ORIE 568 Financial Engineering with Stochastic Calculus Fall Term

ORIE 568 Financial Engineering with Stochastic Calculus
Fall Term 2005
Hours and location
• Lectures: MWF 1010 – 1100A, Bard 140
• Sub-courses: Sec 1 W 0230 – 0425P, HO 401; Sec 2 R 0230 – 0425P, PH 203
• Instructor:
Stefan Weber, 279 Rhodes, (607) 254-4825, email: [email protected]
• Teaching assistants:
Spyros Schismenos, 287 Rhodes, email: [email protected]
Serkan Kirac, 283 Rhodes, email: [email protected]
Office hours
• Stefan Weber: W 0400 – 0600P, or by appointment.
• Spyros Schismenos: to be announced
• Serkan Kirac: to be announced
Text book
• Steven E. Shreve: Stochastic Calculus for Finance 2 – Continuous-Time Models
A good knowledge of elementary probability theory is required (ORIE 360). This includes random variables, probability distributions, density functions, expectation and variance, and multidimensional random variables. Background knowledge on stochastic processes will be helpful,
but is not required.
Grading policy
Your final grade will be based on homework (30%), two take home exams (25 % each), and a
final exam (20%).
• Homework (30 %): Homework assignments will be given approximately every two weeks.
The due date can be found on each assignment.
• Take home exams (25 % each): The first take home exam will be given on October 12
and is due by 10am on October 19. The second take home exam will be given on November
16 and is due by 10am on November 23.
• Final exam (20 %): The final exam is scheduled for Thursday, December 8, 9–11am.
About the middle of the term a complete list of final exam rooms will be posted at:
Academic integrity
Direct copying of another’s work and representing it as one’s own is a violation of academic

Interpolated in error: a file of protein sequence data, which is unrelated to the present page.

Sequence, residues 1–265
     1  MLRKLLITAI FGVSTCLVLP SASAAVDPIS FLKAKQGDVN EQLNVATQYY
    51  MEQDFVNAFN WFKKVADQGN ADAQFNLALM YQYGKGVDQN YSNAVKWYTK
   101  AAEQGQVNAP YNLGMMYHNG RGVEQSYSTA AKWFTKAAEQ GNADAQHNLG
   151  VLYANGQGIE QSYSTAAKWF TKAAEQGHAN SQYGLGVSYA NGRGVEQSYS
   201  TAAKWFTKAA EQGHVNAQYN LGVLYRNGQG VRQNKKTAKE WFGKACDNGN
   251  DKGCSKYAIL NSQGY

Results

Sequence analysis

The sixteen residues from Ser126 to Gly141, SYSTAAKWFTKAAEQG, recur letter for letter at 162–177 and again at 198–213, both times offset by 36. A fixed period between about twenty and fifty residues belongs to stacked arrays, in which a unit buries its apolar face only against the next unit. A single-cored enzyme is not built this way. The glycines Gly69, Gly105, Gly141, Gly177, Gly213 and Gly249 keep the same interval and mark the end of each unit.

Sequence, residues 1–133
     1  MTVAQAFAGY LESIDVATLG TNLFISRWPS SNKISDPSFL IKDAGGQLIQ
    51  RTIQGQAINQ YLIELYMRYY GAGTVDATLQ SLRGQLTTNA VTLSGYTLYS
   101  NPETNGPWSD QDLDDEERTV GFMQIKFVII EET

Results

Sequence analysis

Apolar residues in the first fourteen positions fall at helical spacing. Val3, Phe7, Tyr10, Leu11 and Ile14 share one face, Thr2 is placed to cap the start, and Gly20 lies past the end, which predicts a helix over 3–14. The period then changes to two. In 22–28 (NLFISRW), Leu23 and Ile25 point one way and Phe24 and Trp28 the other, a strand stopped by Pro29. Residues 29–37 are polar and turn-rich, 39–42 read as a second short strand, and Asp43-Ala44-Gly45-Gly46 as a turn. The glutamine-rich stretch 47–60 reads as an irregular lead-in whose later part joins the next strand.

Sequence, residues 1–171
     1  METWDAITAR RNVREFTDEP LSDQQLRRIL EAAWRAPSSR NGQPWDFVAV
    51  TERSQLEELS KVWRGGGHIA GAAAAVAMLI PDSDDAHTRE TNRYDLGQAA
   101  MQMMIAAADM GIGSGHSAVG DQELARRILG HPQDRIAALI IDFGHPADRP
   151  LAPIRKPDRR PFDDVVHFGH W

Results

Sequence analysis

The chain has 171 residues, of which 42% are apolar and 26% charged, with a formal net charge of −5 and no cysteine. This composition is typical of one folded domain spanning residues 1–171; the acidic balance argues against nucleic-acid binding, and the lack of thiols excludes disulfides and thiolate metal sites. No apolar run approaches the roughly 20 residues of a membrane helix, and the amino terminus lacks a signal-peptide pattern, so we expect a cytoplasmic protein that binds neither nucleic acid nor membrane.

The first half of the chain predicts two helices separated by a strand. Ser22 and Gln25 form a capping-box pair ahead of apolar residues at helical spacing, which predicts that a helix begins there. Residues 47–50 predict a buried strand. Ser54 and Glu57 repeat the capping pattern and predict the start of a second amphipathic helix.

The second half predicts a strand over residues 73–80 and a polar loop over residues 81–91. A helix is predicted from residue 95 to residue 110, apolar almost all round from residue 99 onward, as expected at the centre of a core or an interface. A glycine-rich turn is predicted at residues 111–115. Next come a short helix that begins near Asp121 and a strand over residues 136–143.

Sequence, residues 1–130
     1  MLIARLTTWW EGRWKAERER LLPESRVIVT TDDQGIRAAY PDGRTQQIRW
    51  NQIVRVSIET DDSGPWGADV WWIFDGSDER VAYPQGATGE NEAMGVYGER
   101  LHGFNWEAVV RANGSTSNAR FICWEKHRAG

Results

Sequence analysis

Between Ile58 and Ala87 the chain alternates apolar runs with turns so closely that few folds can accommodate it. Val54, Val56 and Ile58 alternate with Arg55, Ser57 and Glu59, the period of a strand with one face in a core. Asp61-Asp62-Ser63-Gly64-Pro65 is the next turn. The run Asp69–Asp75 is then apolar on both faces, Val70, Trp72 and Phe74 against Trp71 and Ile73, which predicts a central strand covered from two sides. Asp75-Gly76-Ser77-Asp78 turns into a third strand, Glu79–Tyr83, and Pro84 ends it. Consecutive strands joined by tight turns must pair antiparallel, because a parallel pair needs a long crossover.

integrity that will be taken seriously. Similarly, allowing another student to copy one’s work is
also a violation of academic integrity. It is your responsibility to make sure that no student copies
from your paper. Students caught cheating on a homework will be reported to the Academic
Integrity Hearing Board. If you have any doubts, please read the Code of Academic Integrity
for more information about what constitutes a violation:
Information about the course including assignments can be found at
Please enroll in this site. For further information see
http://www.cit.cornell.edu/atc/cst/howto selfenroll.shtml
Tentative syllabus
The course provides an introduction to continuous-time models of financial engineering and
the mathematical tools behind them. Starting with Brownian motion as a fundamental building stone in the theory of stochastic processes, the course develops a practical knowledge of
stochastic calculus, covering topics including Itô integrals, the Itô-Doeblin formula, the Girsanov transform, and the Feynman-Kac formula. These methods are applied to the pricing and
hedging of derivative securities in complete financial markets. In addition, we discuss absence of
arbitrage, incomplete markets and the fundamental theorems of asset pricing theory.
1. Information and conditioning: information and σ-algebras, independence, general conditional expectations
2. Brownian motion (BM): scaled random walks, definition of BM, distribution of BM, filtration for BM, martingale property of BM, quadratic variation
3. Stochastic calculus: Itô’s integral, Itô-Doeblin formula, Black-Scholes-Merton equation,
multivariable stochastic calculus
4. Risk-neutral pricing: Girsanov’s theorem, risk-neutral measure, martingale representation,
fundamental theorems of asset pricing
5. Connections with partial differential equations (if time permits): stochastic differential
equations, Markov property, PDEs, interest rate models, multidimensional Feynman-Kac